The Book Shop at Beverly Farms looks like an old-fashioned bookstore, from its clapboard exterior down to the coating of snow from the most recent snow storm to hit Boston’s North Shore. Although the bookstore continues to offer many of the same extras it did when it was founded 45 years ago in 1968—like a house charge that’s been used by several generations of shoppers—“we have embraced change,” says manager Pam Price, who has co-owned the store for the past 15 years. She singles out Facebookand e-mail blasts. The store has had a Web site, “Realbookshop.com,” which Price added in 1997, when she bought the store with four other employees.
Other changes, including last year’s buy out of two of the partners so that the store is now owned by Price, Janet Weedon and Lee Brown, haven’t disrupted the cozy atmosphere of the 1,200 sq. ft. barbershop-turned bookstore. Children still climb a winding set of stairs to get to the children’s room where they can read and cuddle with a giant Candlewick bear. And customers who need a book after hours have only to call with a credit card number for Price to ring up the order and hang it on the back door so that they can pick it up later.
“We miss him,” says Price of the store’s most famous customer, John Updike, who died in 2009. “We really do still have a full shelf of [his] books.” Updike had made a tradition of signing his books at the store, which then sent them to fans all over the country. But new writers continue to move into the area. Two weeks before Christmas, the Book Shop held a signing with newly local author Chris Van Allsburg. “It was pretty incredible to see how much he means to families, teachers, librarians and—especially—children,” Price wrote on Facebook. She describes his effect on the children as: “magical. They came right up to him and put their arms around him.”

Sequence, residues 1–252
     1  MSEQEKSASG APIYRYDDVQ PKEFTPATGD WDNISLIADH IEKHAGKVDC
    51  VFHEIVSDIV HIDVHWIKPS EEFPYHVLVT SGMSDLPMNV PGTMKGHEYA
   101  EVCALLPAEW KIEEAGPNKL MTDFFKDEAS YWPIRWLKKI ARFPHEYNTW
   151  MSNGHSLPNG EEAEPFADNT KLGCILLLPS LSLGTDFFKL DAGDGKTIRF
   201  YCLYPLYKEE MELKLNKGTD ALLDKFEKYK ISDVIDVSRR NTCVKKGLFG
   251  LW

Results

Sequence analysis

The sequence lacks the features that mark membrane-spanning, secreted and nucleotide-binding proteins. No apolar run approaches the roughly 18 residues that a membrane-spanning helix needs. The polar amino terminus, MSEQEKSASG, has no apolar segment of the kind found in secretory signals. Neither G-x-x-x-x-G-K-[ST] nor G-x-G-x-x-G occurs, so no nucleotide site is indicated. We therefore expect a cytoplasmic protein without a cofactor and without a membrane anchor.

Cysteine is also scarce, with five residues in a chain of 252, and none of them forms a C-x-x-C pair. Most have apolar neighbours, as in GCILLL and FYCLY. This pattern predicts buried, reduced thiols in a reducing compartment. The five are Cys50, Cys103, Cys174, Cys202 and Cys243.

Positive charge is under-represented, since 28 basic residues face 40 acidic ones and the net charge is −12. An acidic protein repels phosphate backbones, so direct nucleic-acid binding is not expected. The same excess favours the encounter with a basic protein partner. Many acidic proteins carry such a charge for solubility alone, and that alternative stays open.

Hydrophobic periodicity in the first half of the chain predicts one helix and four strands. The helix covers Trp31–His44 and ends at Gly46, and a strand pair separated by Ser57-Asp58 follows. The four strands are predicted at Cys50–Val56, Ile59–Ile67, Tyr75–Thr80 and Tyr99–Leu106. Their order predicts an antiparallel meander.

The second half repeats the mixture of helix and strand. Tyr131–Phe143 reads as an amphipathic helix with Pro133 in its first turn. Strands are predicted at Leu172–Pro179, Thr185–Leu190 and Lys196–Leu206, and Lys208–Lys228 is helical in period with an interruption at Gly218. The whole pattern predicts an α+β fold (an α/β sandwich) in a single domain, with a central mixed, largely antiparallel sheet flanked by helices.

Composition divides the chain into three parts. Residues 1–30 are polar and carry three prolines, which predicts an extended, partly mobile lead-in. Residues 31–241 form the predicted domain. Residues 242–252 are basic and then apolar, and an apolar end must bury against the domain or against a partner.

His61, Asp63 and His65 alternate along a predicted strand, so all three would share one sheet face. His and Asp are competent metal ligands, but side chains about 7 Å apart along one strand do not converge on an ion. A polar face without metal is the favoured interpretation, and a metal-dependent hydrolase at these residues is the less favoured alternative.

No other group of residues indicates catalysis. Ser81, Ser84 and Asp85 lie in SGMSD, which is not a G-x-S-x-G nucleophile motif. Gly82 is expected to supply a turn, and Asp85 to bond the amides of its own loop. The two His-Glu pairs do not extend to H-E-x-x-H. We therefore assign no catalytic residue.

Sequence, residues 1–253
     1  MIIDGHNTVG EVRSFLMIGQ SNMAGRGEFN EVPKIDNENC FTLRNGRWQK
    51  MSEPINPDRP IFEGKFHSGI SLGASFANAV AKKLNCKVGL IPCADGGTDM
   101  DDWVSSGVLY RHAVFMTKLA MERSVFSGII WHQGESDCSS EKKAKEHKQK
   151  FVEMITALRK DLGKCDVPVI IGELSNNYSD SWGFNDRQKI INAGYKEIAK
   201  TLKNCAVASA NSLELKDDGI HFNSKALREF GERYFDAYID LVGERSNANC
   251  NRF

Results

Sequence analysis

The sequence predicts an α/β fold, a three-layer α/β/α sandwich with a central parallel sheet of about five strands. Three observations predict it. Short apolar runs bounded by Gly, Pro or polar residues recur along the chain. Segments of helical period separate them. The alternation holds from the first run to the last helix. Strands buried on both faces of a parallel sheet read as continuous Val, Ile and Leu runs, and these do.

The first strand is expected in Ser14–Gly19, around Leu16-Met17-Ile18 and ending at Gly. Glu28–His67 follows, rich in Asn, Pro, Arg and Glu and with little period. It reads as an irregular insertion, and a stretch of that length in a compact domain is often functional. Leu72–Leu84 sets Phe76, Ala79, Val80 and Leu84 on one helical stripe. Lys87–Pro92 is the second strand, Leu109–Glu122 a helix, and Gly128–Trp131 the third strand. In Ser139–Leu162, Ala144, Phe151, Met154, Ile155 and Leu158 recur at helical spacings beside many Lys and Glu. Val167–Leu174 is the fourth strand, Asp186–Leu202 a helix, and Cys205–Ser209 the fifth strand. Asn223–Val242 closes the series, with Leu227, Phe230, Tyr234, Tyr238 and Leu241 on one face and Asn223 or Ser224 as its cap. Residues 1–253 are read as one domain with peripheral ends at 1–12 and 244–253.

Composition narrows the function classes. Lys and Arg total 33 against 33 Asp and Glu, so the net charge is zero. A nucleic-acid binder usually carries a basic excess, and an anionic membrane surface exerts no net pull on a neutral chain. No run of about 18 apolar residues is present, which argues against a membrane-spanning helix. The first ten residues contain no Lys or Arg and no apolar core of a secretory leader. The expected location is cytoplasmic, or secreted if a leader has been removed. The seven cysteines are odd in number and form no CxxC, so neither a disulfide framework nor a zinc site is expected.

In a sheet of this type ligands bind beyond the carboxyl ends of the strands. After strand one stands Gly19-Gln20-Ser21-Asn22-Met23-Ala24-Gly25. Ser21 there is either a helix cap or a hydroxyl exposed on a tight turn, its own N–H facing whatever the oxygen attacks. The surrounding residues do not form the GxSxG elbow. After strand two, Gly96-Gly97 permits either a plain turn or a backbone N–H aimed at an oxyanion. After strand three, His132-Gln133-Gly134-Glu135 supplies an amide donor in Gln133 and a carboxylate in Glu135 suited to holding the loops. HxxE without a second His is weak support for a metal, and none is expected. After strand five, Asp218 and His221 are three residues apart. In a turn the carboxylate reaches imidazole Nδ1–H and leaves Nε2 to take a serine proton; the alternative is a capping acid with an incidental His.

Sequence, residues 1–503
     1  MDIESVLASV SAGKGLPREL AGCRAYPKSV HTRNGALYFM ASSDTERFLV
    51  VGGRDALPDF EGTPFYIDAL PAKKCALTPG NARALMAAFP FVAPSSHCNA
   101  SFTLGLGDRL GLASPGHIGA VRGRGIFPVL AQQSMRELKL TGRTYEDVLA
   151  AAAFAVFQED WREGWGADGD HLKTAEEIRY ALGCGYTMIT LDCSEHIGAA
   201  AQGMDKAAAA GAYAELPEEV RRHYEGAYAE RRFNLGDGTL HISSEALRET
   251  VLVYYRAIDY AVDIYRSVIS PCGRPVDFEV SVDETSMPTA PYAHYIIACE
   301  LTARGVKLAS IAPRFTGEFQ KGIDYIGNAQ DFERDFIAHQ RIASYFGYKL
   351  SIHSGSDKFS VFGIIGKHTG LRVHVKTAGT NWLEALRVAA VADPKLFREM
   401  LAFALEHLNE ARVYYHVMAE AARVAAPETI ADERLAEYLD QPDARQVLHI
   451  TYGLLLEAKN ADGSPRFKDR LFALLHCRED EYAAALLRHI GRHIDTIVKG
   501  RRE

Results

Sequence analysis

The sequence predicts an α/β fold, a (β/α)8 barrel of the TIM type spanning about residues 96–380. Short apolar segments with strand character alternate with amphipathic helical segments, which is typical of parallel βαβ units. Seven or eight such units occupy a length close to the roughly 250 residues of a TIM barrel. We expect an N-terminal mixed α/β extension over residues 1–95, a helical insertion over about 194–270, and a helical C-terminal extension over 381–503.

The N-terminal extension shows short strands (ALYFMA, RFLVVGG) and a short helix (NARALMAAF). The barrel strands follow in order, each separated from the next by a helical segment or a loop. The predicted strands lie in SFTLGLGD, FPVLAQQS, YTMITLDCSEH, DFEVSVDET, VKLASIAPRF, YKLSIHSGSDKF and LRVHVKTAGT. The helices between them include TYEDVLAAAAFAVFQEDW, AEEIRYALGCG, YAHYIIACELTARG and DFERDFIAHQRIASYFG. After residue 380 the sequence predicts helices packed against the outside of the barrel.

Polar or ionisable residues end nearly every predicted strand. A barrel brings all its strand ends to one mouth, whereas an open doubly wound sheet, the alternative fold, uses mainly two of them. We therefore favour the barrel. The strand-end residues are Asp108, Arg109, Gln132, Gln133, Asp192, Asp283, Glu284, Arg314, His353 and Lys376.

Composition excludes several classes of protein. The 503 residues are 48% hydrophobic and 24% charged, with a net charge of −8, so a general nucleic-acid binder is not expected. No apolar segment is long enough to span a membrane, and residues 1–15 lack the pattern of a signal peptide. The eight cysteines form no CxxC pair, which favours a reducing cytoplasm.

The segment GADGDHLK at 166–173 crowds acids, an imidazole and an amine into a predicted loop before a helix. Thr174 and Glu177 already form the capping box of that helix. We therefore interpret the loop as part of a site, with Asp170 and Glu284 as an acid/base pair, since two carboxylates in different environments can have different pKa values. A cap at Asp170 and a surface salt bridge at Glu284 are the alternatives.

Sales for the Book Shop have not seen the boom that many bookstores near a former Borders location have experienced. Still, says Price, “we had a good holiday season. The year wasn’t spectacular, but the holiday was reassuring. We’re doing more book fairs than we’ve every done. It’s physically taxing but most rewarding.” The strongest areas on the adult side continue to be: fiction, travel guides, and history. Two of its top sellers are: Sonya Sotomayor’s memoir, My Beloved World, and the Nancy Drew mystery, The Sign of the Twisted Candles.
As a “real bookshop” focused on real books, the store doesn’t carry e-books. “We just weren’t quite ready for it,” says Price. “I decided to wait.” Most of the Book Shop’s books are full price, although it discounts NYT hardcover bestsellers and offers a discount to schools, educators, book fairs, and book groups. And the store just celebrated its 45th birthday with a two-day sale.